Obata Descendants Remain Sole Heirs to Estates of two sisters

By Takesha Thomas | Oct 30, 2018


SAN FRANCISCO — A California appeals court has upheld a lower court ruling that prohibited extended descendants of two elderly women from claiming stake in their estates. 

The family of Kazuko Uenaka filed suit claiming it was due a portion of the estate of Fusae and Emi Obata. The two elderly sisters were found dead in 2013. Reports say it was likely of natural causes. Both, age 94 and age 88, were never married nor did they have any children, according to local reports. Descendants of the sisters' father, the late Tomejiro Obata, argued in a lower state court that they were entitled to funds from the estate based on an old Japanese practice called yoshi-engumi, or adoption.

On September 26, 2018, the Court of Appeal of the State of California First Appellate District Division Three upheld a superior court ruling that said Kazuko Uenaka was entitled to funds from the estate under California law. The appellate court writing in part, "The sole issue on appeal is whether California law recognizes the Japanese practice called (yoshi-engumi) as an “adoption” within the meaning of California Probate Code. We conclude that it does and, thus, we shall affirm the trial court’s order granting respondents’ petitions for entitlement to estate distribution."

Yoshi-engumi can be defined as “the extended family or ‘house’" and usually is comprised of  three generations of one family, according to court documents. "The ancestors and the descendants are mutually linked by the idea of family genealogy, which is not understood as a relation merely based on blood lineage and succession, but rather as a number of relations."

In September following the sisters' death, Alameda County Superior Court issued letters of administration in both estates, according to the background portion of the appeals court's decision.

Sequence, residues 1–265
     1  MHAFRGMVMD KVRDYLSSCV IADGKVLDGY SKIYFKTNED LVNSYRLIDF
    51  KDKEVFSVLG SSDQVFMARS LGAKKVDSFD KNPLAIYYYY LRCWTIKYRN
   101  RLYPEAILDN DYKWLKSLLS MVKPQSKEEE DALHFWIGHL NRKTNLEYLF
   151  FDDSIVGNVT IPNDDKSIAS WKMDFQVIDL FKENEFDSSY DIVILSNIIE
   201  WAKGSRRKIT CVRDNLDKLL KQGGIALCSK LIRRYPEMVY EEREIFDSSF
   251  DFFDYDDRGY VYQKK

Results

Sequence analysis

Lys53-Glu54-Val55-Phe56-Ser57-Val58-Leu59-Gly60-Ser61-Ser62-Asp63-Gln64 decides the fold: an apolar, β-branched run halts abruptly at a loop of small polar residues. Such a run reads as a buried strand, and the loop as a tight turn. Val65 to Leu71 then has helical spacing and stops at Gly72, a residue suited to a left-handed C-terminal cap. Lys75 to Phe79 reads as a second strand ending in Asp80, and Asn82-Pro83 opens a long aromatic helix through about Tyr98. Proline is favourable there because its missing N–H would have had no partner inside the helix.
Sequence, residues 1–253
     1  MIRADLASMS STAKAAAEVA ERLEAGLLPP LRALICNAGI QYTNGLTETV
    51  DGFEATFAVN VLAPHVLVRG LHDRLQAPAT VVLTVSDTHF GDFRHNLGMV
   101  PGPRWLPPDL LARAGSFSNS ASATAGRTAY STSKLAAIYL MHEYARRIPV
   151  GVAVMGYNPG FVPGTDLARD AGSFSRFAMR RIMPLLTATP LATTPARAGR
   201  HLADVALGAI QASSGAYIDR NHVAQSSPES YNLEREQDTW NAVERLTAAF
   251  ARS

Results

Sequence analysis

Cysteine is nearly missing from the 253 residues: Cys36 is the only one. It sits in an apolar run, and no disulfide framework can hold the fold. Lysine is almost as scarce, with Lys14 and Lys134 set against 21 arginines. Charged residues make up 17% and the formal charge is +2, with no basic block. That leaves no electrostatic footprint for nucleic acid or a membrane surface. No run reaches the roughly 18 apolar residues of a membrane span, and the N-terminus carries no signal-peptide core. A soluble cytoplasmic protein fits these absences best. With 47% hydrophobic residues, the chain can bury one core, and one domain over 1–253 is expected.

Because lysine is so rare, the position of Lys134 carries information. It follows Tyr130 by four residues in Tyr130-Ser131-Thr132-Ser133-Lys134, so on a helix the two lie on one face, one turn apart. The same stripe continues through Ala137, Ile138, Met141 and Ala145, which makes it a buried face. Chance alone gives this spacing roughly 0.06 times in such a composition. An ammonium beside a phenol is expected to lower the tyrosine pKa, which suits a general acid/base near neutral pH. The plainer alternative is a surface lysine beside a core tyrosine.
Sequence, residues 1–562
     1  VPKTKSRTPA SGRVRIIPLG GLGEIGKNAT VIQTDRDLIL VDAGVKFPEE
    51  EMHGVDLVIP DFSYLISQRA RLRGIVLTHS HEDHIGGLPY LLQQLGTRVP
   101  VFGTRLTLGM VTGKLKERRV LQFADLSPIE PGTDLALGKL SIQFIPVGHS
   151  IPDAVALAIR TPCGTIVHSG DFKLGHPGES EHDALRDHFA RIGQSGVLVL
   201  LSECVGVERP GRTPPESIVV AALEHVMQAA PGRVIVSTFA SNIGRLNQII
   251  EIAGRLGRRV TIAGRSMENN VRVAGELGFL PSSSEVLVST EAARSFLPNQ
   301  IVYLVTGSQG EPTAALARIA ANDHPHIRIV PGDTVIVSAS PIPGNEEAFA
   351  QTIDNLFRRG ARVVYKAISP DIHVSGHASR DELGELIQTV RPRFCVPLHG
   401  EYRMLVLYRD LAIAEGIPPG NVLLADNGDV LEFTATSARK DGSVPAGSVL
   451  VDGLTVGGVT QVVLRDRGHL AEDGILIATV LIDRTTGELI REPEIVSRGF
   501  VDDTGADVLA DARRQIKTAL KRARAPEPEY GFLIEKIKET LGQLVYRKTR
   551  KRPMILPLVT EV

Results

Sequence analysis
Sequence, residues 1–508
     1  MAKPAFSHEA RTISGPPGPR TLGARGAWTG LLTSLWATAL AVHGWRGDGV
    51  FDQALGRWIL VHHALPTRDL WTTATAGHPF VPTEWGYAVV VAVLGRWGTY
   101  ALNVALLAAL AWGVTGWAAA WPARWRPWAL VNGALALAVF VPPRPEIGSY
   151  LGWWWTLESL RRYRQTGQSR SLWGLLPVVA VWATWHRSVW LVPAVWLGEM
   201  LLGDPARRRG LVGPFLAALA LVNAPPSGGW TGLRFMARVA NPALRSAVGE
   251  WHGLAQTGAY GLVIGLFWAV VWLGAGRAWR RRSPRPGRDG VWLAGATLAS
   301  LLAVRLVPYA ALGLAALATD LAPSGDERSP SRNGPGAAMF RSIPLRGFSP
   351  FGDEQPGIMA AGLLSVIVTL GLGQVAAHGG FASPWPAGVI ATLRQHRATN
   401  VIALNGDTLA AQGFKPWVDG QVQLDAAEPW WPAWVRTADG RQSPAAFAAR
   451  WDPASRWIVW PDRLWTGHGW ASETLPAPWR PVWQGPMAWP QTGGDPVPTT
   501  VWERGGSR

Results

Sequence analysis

"Thereafter, a dispute arose regarding the line of succession that centered on the the Obata sister's father, Tomejiro Obata, and the impact of his yoshi-engumi by Minejiro Obata and Kiku Obata in 1911," the appeals court decision said. "Appellants are the descendants of Tomejiro’s biological parents, Hikozaemon Nakano and Haru Nakano, and respondents are the descendants of the Obata family."

In their appeal, the Nakanos challenged the trial court's September 2016 conclusion that found in favor of the Obata family members. The lower court concluded that California recognizes Tomejiro's Obata's yōshi-engumi as a legal adoption, enforceable under California's Probate Code.

The appeals court found that the lower court had properly granted the Uenaka's petition. "For purposes of intestate succession, under California law, the 1911 adoption severed the relationship between decedents’ father and his natural parents," the appeals court's decision said. 

Appeals Court Justice Stuart R. Pollak wrote the court's decision, in which Justice Martin J. Jenkins and Judge Jeffrey Ross concurred. Judge Ross, on the bench of San Francisco Superior Court, sat in the appeals court's division through the end of this month.

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